Overweening Generalist

Monday, July 18, 2011

Epigenetics: the Revenge of Lamarck!

[If you're a non-biologist and you know Lamarck's name it seems likely that you think of his idea that giraffes have elongated necks because they needed to stretch them to get to the food above, and the ones that stretched the most sent their stretched necks on to their offspring, and eventually the giraffes with the longest necks got the most food, most progeny, longer necks, etc...]

Probably the most popular metaphor for the human genome - or any living thing's genome - is the "blueprint." The blueprint was devised by some architect and is a map that will determine how a structure will be built, presumably down to the last detail. It's neat, sleek, elegant, intellectual and, depending on how you unpack it personally, possibly depressingly deterministic.

Another metaphor I noted, after the race between Craig Venter and company and the government-backed NIH to sequence the human genome pretty much ended in a dead heat around June of 2000, it was written more than a few times that, yes, we have sequenced three billion base pairs, but now we have a brand new Steinway...but we don't know how to play piano yet! Much work was to be done to find out how/why/when genes are expressed, how they might combine, how some are "turned off" and others "turned on," and, if we learn this - how to play "the piano" (possibly the Hammerklavier Sonata?) - we might find out how to cure cancer, prevent genetically inherited diseases, and possibly prolong human life and delay senescence.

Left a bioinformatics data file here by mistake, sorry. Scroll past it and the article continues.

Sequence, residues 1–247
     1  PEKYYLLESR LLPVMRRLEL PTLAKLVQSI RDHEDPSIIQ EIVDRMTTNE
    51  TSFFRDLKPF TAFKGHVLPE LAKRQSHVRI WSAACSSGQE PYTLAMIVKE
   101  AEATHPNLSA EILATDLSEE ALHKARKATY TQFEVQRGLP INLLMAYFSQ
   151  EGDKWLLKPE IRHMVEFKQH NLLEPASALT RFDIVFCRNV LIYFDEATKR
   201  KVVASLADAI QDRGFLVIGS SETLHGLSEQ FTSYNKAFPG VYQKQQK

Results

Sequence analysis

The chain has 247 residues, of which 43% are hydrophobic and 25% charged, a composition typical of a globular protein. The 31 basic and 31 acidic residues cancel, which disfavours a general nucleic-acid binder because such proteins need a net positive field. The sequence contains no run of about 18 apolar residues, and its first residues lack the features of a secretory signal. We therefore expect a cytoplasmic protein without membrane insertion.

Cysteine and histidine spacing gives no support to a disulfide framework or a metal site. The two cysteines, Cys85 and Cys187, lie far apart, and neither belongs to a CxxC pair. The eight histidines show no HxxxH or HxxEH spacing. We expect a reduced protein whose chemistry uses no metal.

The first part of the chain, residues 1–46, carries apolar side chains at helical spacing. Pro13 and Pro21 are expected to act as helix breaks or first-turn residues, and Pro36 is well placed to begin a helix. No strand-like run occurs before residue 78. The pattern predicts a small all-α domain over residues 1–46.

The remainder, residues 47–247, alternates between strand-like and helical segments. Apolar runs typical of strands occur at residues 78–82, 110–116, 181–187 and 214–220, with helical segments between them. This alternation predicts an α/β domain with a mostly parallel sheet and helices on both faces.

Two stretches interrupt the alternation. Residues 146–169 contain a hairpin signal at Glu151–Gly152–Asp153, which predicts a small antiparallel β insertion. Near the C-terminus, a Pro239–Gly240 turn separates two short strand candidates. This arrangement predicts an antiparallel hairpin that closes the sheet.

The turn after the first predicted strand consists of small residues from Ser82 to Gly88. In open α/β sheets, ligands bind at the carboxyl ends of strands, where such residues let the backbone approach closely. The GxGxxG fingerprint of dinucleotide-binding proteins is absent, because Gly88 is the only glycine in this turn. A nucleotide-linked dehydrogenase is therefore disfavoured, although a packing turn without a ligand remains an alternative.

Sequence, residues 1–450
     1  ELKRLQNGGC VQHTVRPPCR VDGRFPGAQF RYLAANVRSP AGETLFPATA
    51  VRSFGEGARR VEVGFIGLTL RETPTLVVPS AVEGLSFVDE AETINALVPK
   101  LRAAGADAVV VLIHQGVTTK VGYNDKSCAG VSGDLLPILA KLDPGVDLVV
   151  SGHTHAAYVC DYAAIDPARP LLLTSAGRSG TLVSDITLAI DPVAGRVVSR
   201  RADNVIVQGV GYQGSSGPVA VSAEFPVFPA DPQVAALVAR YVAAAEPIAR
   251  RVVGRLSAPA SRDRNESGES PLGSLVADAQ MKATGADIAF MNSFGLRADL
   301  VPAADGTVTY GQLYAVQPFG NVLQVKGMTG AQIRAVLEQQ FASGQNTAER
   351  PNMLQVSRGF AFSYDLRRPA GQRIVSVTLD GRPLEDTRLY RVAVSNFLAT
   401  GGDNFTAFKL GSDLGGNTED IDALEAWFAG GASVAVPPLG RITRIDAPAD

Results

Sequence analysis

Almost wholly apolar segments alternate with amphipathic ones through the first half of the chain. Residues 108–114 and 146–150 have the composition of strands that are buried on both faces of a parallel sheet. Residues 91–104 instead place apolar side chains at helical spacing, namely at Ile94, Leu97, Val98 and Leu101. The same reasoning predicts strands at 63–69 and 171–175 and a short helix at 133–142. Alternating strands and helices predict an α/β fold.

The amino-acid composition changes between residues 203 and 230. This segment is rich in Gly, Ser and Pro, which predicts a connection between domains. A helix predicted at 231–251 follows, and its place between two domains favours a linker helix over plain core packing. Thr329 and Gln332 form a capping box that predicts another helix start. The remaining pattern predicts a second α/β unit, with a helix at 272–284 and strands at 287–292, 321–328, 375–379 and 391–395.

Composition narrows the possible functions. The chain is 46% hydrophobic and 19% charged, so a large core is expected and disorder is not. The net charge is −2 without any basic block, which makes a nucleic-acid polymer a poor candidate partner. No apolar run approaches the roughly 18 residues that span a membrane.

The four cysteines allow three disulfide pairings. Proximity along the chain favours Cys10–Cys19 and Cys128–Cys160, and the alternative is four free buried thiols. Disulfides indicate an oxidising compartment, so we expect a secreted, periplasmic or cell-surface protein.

All along a slew of researchers were busy studying individual genes and trying to figure out why, even in monozygotic (formerly known as "identical") twins, the two people could be so vastly different by age 20. 

Jean-Baptiste Lamarck, whose theory of acquired characteristics had been relegated to the dustbin of science, was all the while looming over this research: could something other than the digital inheritance of mom's and dad's genes - and possibly a random mutation or two, as allowed by neo-Darwinism - explain all the odd disparities? It turns out that the study of the organic molecules that coat genes on the DNA double helix regulate their expression. And of course RNA is involved in a very big way, probably bigger than you were taught in high school. RNA is not simply the messenger-boy anymore, oh no. The mechanisms of epigenetics seem byzantine in complexity, but a wonderful new book makes it understandable to a dummkopf  like myself.